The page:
The Yankees were staring at a quick first inning against starter Aaron Cook (2-4) when Teixeira ran hard to first base on a grounder, beating shortstop Mike Aviles' throw as Granderson scored to tie the game.
Ibanez followed by chasing a Cook offering up and away, smashing it over the right-field wall for his 13th home run. The blast gave the Yankees a quick lead, one they'd hold for the rest of the contest.
"After the home run, you realize it was a three-run play," Teixeira said. "You don't take pride in making an out, but getting an RBI there and extending the inning was big. But Raul gets the credit. I just ran hard and Raul did the rest of the work. That two-run homer was huge."
Ibanez said of Teixeira's effort, "It really fires everybody up. He was hustling from the moment he hit that ball, trying to keep the double play from happening so the run could score. Then as a hitter, you get the opportunity, and try to do what you can with it."
New York's victory was completed in a rapid two hours and 41 minutes, the quickest Yankees-Red Sox game since Sept. 11, 2005 (2:29). It also swelled Boston's deficit in the American League East to a season-high 11 1/2 games.
The Red Sox have lost six of seven games, but the Yankees consider these important wins, not wanting to count Boston out with 62 games still remaining on the schedule.
"We know we're better than this," Boston's Cody Ross said. "We have a ton of talent, but talent doesn't win ballgames. You got to go out there, manufacture and play the game the right way and we're just not doing that."
Cook was hit for six runs and seven in four innings. Teixeira added a sacrifice fly in the third inning and the Yankees added two more in the fourth on Martin's 11th homer, a blast to left field.
Granderson put the game out of reach in the eighth as he connected for his fifth career grand slam and second of the season, delivering off Mark Melancon.
"We were able to string together some home runs and put some runs on the board," Ibanez said.
Hughes (10-8) was taken deep three times, but he limited the damage, walking one and striking out five as he scattered five hits in a 110-pitch effort.
"I tend to overthrow a little bit sometimes, especially early in the game," Hughes said. "I've talked about it before, just trying to settle those nerves and be smart out there from pitch No. 1. I'll continue to work on that."
Manager Joe Girardi admitted to wondering if he'd be able to squeeze a quality start from Hughes in a 28-pitch first inning that featured Dustin Pedroia's homer, even as Hughes struck out Jarrod Saltalamacchia to strand two runners in scoring position.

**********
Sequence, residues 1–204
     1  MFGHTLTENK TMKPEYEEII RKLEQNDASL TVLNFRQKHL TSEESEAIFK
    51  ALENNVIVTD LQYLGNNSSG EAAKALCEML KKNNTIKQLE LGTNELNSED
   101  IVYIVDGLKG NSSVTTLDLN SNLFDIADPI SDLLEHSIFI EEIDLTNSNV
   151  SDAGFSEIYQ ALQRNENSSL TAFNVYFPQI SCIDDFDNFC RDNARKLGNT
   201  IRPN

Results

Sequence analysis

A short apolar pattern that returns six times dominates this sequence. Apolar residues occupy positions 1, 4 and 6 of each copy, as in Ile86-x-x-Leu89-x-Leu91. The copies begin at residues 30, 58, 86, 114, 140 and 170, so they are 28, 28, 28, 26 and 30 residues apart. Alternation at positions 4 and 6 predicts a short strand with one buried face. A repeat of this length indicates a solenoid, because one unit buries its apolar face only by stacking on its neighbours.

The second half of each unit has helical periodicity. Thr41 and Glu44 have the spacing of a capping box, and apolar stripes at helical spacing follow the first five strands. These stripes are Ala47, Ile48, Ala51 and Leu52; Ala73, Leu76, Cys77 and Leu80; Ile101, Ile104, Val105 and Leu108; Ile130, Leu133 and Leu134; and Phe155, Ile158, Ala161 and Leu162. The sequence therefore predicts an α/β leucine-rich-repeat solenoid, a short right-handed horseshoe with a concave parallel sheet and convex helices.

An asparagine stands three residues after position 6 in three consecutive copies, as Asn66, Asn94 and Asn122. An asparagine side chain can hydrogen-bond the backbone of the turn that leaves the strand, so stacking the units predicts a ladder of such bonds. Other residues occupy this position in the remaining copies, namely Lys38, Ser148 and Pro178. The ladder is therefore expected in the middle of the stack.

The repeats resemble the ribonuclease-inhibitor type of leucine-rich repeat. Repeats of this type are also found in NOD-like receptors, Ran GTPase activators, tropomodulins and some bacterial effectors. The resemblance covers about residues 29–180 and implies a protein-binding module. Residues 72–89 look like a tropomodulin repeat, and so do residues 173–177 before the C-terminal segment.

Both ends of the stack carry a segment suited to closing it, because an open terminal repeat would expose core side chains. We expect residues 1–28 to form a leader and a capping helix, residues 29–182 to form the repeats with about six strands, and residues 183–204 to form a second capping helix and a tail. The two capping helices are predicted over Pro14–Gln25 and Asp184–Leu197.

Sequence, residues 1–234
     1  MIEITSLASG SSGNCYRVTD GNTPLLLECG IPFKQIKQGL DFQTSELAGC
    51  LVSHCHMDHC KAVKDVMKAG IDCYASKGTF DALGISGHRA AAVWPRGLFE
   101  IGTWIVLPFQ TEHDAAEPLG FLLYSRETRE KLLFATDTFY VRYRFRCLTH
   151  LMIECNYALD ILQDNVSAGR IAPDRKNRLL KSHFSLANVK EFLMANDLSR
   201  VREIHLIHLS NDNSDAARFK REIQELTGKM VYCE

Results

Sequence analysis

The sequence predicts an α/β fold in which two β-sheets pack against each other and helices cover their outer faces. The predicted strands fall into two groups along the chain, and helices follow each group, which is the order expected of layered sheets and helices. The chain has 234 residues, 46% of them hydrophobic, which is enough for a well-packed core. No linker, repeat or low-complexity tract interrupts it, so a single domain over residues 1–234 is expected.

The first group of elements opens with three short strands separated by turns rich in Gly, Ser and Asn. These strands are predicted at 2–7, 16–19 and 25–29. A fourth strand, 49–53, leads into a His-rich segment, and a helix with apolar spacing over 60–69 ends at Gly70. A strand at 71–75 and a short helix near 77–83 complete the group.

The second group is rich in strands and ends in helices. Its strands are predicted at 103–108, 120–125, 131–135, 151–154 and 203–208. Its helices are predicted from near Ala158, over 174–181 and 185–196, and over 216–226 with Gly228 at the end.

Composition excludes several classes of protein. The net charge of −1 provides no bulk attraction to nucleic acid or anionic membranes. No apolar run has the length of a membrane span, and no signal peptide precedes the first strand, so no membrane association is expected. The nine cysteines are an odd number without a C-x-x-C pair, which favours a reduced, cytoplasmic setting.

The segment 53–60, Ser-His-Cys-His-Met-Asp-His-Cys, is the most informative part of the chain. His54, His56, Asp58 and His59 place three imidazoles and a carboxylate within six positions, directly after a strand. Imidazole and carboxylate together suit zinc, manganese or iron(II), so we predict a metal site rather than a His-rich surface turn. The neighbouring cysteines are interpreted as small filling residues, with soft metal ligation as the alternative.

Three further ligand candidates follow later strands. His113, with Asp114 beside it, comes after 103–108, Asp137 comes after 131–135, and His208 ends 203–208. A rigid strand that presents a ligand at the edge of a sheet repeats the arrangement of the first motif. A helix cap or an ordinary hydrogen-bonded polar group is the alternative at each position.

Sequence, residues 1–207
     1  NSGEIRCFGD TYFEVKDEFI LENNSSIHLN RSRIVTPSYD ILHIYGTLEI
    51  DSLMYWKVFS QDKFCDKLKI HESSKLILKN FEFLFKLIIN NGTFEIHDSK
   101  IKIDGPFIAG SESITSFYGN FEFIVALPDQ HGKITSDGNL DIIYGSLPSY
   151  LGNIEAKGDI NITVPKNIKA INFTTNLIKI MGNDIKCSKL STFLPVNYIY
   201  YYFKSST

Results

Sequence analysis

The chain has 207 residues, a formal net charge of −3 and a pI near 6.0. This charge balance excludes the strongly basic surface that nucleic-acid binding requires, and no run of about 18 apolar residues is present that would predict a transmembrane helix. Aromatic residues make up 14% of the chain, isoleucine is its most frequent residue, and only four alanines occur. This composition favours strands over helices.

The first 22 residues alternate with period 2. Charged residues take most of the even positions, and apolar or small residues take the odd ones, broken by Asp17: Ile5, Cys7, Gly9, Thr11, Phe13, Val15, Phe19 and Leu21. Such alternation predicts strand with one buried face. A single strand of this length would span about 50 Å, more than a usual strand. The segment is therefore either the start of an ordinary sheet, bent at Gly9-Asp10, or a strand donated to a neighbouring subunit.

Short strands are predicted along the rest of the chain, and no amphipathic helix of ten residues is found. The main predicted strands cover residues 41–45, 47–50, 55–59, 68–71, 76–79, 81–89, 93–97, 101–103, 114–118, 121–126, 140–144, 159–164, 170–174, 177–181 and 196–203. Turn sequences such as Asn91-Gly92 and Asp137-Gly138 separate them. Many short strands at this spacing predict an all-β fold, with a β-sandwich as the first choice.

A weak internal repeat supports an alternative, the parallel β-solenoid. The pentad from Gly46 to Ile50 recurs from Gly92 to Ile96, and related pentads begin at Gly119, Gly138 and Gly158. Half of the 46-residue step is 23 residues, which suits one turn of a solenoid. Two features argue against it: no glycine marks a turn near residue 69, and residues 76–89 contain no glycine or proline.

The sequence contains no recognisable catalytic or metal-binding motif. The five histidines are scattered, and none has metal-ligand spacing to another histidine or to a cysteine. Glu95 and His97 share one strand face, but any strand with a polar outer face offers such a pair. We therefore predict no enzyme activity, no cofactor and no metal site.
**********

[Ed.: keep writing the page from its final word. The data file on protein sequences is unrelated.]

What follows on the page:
"You're thinking, 'It's going to be tough to get seven innings out of him, and it might be tough to get six,'" Girardi said. "But he settled down nicely and went right to work."
Carl Crawford launched his first homer of the year -- a second-deck blast to right field -- off Hughes in the third. Saltalamacchia produced the third Red Sox run with his 20th home run of the season, a fourth-inning blast to left.
But Hughes held Boston quiet from there, retiring eight straight before turning the pitching over to David Robertson for the eighth. Cody Eppley pitched the ninth with a seven-run lead.
"It's nice to get some runs early," Hughes said. "Knowing you have a lead to work with, you just try and keep baserunners off base. Sometimes the homers happen, but as long as they're solo homers ... with our offense I feel pretty good about what we can do if I'm just keeping guys off base and staying aggressive."
There have been plenty of reasons why the Yankees enjoy such a commanding advantage over their rivals at this late date in the schedule, against whom they're 6-1 this year. But on this night, the Yankees didn't want to overlook small contributions like running out a routine ground ball.
Teixeira said he still hears platitudes from fans wondering why he ran so hard on a 2009 Alex Rodriguez popup, scoring after Mets second baseman Luis Castillo lost the ball in the evening sky. Friday's charge down the first-base line might not be as well remembered, but it was certainly appreciated.
"I've always hustled, you know," Teixeira said. "My dad, when I was a kid, never got mad at me for striking out or popping out or making an error, but if I didn't hustle, that's when he would get on me. I think it was just a lesson I learned as a young kid. I don't have a lot of speed, but I try to use as much as I have."